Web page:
National

The Pm Vs The Man

Consensual politics is the cross Vajpayee has to bear

The Pm Vs The Man
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When A.B. Vajpayee was a young and fiery Jana Sangh leader, he made several speeches attacking conversion. As always, his oratory was impressive. Now that Vajpayee is older, and the prime minister of India, he's also undoubtedly wiser. So he's chosen not to make a display of his oratory on the prickly issue of Christians and conversion.

Though reports of atrocities against Christians keep coming in, the PM views them with a dollop of scepticism. He told a senior journalist that many reports were exaggerated and random criminal acts were being passed off as anti-Christian. Over a month ago, he asked a member of a Christian delegation why they were giving India a bad name. But the group of Christians who called on him last week got a more sympathetic ear. Vajpayee asked special secretary (home) T.R. Kakkar to investigate the anti-Christian hate literature in circulation. He added that "all minorities are safe in India".

Even for a master of consensus like him, Vajpayee has a particularly tough balancing act to do on this issue. On the one hand, he can't afford to anger the RSS by blaming organisations like the VHP/Bajrang Dal for the violence. At the same time, he cannot alienate allies like Chandrababu Naidu by appearing to do nothing. The best course he has is to do little and keep his fingers crossed that parivar hotheads do not embarrass him further.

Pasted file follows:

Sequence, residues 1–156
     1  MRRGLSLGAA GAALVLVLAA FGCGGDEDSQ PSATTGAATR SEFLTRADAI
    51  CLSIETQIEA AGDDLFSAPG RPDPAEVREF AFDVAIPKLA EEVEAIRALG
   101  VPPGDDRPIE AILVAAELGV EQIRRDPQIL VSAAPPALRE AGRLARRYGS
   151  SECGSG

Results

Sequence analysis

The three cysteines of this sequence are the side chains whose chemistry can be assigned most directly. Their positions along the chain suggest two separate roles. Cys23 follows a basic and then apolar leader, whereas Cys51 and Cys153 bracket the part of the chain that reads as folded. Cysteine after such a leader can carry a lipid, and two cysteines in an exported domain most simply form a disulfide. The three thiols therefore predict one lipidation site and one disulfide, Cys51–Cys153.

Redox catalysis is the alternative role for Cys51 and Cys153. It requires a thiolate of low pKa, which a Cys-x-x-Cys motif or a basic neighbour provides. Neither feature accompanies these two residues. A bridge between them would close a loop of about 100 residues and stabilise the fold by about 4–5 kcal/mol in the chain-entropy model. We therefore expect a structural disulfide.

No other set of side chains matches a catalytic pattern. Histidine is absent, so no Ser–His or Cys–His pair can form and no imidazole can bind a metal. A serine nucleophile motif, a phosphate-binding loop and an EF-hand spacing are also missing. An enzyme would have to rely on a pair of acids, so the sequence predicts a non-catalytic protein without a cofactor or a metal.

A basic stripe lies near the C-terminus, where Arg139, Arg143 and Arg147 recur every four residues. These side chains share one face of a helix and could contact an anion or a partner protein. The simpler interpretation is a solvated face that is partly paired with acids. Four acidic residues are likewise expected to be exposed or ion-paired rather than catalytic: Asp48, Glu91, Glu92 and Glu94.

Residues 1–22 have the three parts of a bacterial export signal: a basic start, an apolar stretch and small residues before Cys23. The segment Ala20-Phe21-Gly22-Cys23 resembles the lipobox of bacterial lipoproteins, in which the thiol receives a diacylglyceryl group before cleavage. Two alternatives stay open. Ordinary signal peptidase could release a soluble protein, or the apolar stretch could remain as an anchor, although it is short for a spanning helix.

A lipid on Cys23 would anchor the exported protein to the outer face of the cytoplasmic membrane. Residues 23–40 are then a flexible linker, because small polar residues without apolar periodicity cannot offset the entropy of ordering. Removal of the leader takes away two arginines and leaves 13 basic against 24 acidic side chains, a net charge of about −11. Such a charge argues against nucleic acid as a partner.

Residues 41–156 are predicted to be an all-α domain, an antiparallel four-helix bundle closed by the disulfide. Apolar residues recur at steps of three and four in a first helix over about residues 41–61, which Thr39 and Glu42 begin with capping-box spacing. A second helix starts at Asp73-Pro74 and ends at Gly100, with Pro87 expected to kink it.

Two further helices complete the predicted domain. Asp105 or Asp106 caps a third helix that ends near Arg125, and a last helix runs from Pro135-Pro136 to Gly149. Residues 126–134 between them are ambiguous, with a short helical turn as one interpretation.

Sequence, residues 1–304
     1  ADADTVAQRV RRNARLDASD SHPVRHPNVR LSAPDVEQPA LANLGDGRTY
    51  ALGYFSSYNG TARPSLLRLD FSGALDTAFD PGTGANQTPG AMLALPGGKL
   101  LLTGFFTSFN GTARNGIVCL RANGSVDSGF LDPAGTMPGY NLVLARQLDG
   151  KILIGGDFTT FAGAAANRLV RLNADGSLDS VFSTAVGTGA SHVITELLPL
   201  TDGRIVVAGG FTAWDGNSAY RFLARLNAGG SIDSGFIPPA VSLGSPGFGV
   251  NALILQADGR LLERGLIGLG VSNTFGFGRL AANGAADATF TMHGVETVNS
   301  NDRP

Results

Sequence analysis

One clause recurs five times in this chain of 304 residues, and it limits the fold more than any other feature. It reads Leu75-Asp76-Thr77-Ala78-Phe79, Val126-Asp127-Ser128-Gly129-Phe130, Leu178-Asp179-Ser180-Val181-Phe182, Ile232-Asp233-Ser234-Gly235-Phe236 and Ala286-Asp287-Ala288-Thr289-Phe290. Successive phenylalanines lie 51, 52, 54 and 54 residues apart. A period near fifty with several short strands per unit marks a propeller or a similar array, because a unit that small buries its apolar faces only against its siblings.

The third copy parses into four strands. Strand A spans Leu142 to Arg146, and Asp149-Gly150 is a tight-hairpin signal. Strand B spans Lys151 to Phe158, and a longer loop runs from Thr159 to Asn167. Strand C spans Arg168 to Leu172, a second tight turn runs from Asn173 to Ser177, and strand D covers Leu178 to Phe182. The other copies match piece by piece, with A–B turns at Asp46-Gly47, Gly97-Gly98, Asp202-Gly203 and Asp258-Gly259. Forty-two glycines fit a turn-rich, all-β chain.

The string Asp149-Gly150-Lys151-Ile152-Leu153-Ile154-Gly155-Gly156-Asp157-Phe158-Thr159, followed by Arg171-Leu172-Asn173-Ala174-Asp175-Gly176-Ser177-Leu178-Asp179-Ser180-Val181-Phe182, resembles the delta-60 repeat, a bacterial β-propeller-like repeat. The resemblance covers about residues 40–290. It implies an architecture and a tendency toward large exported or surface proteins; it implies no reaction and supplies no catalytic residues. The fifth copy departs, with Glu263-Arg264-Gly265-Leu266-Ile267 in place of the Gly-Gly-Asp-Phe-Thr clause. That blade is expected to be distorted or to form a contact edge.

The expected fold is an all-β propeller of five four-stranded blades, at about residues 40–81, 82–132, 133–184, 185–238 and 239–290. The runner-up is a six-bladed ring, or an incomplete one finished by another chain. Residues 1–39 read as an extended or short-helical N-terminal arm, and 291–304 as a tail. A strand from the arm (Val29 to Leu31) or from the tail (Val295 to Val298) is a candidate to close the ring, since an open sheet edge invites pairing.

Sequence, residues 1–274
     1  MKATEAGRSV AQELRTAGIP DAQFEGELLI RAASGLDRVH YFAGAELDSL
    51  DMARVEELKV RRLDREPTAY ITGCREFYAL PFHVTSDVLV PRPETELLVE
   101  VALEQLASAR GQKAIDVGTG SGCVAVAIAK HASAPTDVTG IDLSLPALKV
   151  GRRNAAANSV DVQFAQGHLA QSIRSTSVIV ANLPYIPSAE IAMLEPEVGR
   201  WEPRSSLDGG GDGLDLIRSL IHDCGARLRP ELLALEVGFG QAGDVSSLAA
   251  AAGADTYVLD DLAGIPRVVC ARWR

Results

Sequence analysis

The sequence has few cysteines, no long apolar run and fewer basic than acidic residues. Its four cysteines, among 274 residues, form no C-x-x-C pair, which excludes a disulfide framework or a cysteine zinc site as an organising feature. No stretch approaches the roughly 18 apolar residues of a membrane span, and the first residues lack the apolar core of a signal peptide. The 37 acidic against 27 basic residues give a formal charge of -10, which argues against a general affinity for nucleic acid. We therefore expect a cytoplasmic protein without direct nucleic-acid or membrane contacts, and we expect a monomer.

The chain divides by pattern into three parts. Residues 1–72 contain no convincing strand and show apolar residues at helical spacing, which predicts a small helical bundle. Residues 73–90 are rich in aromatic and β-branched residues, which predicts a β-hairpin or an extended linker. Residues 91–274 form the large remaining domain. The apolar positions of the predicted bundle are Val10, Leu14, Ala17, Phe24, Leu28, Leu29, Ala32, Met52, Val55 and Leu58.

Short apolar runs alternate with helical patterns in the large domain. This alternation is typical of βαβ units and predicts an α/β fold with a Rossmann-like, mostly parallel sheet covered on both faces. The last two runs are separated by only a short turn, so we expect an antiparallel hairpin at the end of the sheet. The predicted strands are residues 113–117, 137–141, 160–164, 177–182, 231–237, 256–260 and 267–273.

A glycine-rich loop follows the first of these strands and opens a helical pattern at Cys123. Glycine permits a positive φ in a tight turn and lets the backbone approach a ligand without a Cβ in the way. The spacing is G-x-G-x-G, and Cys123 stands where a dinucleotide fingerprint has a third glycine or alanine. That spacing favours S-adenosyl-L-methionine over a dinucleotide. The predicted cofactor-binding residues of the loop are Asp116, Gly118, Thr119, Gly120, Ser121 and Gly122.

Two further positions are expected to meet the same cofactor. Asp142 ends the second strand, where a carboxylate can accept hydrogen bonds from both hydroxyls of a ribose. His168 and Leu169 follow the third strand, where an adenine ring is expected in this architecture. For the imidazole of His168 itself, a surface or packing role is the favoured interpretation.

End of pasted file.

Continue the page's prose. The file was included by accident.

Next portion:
Vajpayee did speak his mind once, in 1997, when anti-Christian violence first erupted in Gujarat. He sought a national debate on conversions, then recanted at the national and international reaction. At that time, his aides claimed he'd been misled by the RSS. He may have put his foot in the mouth but Vajpayee had been speaking from the heart. It is an article of faith for every product of the parivar to oppose any conversion. Says a pmo official: "The PM knows there's an extremist fringe of Hindu organisations behind the violence. But there is also a real disapproval in Hindu society for conversions some missionaries engage in."

This doesn't imply Vajpayee condones Christian-bashing. On the contrary, he abhors violence and was sadly out of tune with the agitational politics of the BJP's Ram mandir drive. His aides say the prime minister is worried about the frequency of the incidents. Instructions have been given to stop them. Asks a pmo aide: "But do atrocities against Dalits stop because the PM says so?"

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